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15. Gnomes in the Garden

One week ago Saturday, I stepped into a Story Garden. Immediately, like magic, roots grew down into the ground, connecting me to a rich substrata of writers, editors, agents, all with amazing stories to tell. As I wandered the Story Garden (known to some as the SCBWI Western Washington Writing and Illustrating for Children Conference) flowers of every sort shot up out of the ground at my very feet. I watched with amazement as one particularly bright colored blossom (Genus Lainius taylorus, fuschia petals, quite lovely) began to speak. Wondrous tales of a circus troupe within her very being, struggling to emerge, wove a spell around all of us in the Story Garden, prompting great excitement at the possibilities for each of us, ready to bring forth our own fruit.

As the day wore on, and we were watered, fertilized and shone upon by Master Gardeners Jay Asher, Peter Brown, Edward Necalsulmer IV, Jordan Brown, Lisa Graff, Paul Rodeen, Michael Bourret, Sara Crowe, and so many others--voila! We bore fruit. Many of us scurried to secret corners, to quickly capture those first buds of a new story, the tentative tendrils of a plot twist.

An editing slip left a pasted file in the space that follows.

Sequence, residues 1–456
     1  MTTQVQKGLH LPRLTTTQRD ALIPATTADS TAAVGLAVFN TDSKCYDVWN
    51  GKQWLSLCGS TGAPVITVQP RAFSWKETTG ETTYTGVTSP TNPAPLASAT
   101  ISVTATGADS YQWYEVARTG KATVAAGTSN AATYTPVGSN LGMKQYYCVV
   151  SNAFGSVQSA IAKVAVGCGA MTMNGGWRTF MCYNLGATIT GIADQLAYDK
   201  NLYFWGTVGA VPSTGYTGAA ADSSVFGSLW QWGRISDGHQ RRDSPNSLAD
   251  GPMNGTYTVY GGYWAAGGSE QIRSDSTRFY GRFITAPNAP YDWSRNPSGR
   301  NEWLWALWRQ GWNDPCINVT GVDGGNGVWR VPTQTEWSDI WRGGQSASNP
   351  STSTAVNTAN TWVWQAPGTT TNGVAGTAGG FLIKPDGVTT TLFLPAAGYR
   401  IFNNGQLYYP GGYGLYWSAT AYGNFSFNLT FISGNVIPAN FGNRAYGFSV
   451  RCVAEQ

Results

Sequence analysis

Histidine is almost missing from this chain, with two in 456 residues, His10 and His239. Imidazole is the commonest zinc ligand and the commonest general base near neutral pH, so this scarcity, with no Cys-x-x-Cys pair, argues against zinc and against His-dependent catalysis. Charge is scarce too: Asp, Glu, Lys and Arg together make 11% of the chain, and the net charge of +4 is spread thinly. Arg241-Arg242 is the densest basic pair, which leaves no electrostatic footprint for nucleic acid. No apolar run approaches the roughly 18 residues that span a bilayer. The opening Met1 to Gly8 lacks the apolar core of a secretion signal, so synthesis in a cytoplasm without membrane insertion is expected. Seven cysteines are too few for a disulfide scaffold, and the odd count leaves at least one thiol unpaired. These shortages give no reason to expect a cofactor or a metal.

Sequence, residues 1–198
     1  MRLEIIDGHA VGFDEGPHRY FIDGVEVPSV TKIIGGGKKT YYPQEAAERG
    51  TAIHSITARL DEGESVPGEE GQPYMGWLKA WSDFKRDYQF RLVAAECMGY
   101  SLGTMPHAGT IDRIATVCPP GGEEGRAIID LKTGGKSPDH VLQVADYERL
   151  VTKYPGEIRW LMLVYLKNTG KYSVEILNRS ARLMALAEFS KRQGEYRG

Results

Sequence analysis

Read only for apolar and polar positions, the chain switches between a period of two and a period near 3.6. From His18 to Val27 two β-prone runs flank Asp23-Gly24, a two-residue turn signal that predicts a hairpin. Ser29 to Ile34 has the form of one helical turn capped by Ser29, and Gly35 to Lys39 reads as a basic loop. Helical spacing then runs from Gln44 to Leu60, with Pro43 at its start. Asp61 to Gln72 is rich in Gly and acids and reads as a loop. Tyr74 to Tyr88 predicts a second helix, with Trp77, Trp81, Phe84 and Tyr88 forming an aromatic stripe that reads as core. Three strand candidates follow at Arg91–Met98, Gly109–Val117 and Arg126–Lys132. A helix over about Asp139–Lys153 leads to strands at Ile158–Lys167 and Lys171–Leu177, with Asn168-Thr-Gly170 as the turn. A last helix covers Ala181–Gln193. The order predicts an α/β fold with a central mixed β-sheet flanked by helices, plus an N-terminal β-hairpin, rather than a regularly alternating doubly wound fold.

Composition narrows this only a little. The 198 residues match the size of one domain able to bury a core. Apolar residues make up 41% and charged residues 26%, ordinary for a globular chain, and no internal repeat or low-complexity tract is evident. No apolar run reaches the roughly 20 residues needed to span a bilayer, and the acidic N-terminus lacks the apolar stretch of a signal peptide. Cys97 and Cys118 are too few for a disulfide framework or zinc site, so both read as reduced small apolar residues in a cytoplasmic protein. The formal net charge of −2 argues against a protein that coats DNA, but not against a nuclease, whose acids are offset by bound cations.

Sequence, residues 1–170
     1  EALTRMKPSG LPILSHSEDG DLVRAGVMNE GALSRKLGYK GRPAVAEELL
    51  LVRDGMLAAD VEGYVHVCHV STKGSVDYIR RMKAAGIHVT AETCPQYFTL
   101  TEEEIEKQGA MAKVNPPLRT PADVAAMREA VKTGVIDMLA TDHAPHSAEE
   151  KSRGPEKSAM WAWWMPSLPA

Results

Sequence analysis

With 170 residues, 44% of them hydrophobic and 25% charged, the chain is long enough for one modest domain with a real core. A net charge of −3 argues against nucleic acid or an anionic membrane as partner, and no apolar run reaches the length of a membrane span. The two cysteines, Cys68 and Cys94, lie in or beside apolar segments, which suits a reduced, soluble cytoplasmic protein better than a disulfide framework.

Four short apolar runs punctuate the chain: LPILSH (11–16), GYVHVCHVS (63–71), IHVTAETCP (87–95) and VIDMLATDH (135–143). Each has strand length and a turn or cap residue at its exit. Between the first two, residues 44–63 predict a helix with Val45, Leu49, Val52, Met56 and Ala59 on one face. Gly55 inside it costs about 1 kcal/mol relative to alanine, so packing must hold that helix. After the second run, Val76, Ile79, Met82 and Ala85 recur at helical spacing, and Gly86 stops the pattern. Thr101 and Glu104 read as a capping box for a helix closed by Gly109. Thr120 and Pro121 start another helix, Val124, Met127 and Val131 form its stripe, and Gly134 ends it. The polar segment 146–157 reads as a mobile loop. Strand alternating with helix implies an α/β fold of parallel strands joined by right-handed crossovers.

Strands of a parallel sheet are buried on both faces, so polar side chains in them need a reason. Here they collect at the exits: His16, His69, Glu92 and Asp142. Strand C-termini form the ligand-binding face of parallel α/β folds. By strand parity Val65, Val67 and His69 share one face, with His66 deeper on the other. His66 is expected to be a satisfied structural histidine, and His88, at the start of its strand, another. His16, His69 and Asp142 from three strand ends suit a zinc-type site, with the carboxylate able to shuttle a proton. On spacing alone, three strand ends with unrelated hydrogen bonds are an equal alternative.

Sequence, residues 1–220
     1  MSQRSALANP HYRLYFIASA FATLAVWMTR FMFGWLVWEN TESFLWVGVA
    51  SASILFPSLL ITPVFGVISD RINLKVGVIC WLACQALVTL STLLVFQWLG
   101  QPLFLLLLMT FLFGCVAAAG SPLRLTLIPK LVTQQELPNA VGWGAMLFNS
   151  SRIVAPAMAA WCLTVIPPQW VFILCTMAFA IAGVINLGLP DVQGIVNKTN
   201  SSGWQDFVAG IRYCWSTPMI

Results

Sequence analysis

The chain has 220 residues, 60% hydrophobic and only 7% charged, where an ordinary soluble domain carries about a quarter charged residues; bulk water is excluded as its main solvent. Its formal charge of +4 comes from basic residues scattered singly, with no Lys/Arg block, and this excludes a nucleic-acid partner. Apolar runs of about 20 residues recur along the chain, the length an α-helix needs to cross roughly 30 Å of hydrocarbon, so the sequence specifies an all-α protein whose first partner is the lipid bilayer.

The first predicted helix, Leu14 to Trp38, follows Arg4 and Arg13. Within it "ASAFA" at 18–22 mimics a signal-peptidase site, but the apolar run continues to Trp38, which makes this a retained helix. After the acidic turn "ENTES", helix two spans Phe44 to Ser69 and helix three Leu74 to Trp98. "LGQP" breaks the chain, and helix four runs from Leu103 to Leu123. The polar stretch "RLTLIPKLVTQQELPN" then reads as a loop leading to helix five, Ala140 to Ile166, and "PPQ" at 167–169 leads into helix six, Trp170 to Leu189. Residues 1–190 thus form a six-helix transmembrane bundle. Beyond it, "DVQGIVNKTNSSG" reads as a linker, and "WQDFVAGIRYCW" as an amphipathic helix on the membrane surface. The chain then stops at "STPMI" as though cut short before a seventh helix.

No garden is quite complete without a Garden Gnome, and by early afternoon, our very own gnome appeared (see above), cheering us on, giving bits of writing advice to each of us who captured him before he disappeared back into his own hidden garden, once again to write.

And now each of us have returned to our own secret gardens, treasuring all we brought back from that magical weekend, seeding our own stories to bloom in due time.

Watch our gardens grow!

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16. Video Sunday: “If I hadn’t become an artist I probably would have become a serial killer.”

What you are witnessing here is the first trailer for Library of the Early Mind — a feature-length documentary film by Edward J. Delaney and Steven Withrow exploring children’s literature.  According to its website, “The film will have its first public screening at Harvard University in October and is now being submitted to film festivals worldwide. Music is by Jason K. Nitsch.”  The sheer number of talented speakers they found is impressive alone.  If you can’t view it on their site, it’s also available through YouTube.  Thanks to Steven Withrow for the info.

Book trailer time!  Here we see what a little talent with stop animation, a fellow with a voice straight out of movie trailers, and a well chosen oboe can do for your average book.  It’s Sophie Simon Solves Them All by Lisa Graff:

This one’s a little different.  I guess it’s a book trailer at its heart (for Olugbemisola Rhuday-Perkovich’s 8th Grade Superzero) but it’s also just a take on what it is to be an author.  It also works as a lovely tribute to New York City (and my library makes one brief appearance, which is nice).